To varying degrees, and in a variety of ways, childhood religious indoctrination fills the most trusting, eager, and vulnerable of minds with intense fear, shame, and guilt. This indoctrination can damage or even destroy a child’s curiosity and critical thinking skills. Many of us who experienced such indoctrination are left with lifelong scars of one form or another. Our rationality, intellect, and skepticism are often no match for the pernicious after-effects of childhood religious indoctrination.

And this indoctrination isn’t going to stop anytime soon. We may not want to admit that, we may wish that it weren’t true, but it is. It’s just not reasonable to think that all forms of childhood religious indoctrination can be stopped, at least not in the near future. Such indoctrination has persisted this long for one reason: it works. It keeps the churches full. Most children who are indoctrinated into a particular religion remain members of that religion for life and grow up to indoctrinate their own children into that same religious tradition. They perpetuate the cycle. And as for the permanent scars caused by childhood religious indoctrination? From the perspective of someone whose primary concern is perpetuating his or her religious tradition of choice, the emotional trauma caused by such indoctrination is just collateral damage: unfortunate, perhaps, but inevitable.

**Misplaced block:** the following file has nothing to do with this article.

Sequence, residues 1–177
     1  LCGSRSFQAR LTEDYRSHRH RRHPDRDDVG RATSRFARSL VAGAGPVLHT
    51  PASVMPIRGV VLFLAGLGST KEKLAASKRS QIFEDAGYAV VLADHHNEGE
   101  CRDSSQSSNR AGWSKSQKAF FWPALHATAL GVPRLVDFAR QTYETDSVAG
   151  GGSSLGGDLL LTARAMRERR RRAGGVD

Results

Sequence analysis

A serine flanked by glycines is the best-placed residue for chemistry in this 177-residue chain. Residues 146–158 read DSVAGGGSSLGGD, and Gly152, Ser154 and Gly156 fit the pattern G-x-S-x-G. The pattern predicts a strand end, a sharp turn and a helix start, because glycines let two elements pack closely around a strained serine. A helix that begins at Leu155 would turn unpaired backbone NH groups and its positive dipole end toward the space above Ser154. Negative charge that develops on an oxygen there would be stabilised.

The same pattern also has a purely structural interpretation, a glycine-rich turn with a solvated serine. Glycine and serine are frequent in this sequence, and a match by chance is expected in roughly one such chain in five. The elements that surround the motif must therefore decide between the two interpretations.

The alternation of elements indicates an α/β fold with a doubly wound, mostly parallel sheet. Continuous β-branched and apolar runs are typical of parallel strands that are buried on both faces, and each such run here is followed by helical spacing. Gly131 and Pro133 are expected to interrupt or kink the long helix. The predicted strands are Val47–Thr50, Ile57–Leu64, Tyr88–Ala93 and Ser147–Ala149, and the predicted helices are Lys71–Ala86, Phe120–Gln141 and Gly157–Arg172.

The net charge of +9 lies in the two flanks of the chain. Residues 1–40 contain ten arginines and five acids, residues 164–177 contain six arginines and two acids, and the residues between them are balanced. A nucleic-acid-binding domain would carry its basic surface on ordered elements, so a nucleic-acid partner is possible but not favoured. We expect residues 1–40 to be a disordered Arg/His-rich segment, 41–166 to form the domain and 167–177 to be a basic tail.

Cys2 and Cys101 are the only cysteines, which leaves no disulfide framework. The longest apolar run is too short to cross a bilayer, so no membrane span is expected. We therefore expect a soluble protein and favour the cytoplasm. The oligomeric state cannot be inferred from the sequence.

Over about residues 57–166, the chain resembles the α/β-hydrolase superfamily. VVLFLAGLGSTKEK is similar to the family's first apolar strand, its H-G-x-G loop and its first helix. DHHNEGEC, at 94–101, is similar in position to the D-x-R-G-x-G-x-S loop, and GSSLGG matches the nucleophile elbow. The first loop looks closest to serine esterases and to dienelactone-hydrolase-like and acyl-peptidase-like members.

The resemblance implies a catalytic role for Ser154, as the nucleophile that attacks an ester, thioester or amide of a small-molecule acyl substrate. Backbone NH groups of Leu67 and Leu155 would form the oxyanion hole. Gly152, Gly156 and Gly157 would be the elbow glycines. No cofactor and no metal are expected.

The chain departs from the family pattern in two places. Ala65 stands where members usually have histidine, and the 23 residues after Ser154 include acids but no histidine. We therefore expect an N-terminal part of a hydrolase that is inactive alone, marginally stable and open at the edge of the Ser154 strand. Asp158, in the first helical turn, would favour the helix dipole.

So, while raising consciousness about childhood religious indoctrination is a vitally important endeavor, we must also acknowledge the fact that this indoctrination isn’t going to end anytime soon and adjust our actions accordingly. As such, I think that it would be worthwhile to divert some of our time and resources towards helping (in what way(s)? What does “helping” mean in this context? How can we avoid making this seem like some sort of touchy-feely group therapy thing?) adults deal with the after-effects of childhood religious indoctrination. The consequences of such indoctrination are rarely given the consideration or attention that they deserve. Despite the fact that most children remain in the religious tradition into which they were indoctrinated, there are many of us who, at one point, decided to leave our religious faith behind. Yet most of us are at least somewhat reluctant to discuss our experiences. It’s a rather taboo topic, even among atheists. I suspect that many of us are afraid that we’ll be accused of using our experiences as an “excuse” for something or other. We (quite understandably) don’t want to play the victim card, so we pretend that we’re strong enough to completely rid ourselves of the pain, fear, and guilt that never really goes away. But many of us aren’t. And admitting that doesn’t mean that we’re weak or that we’re making excuses. Our feelings are nothing to be ashamed of. They’re simply an understandable response to a specific kind of childhood trauma.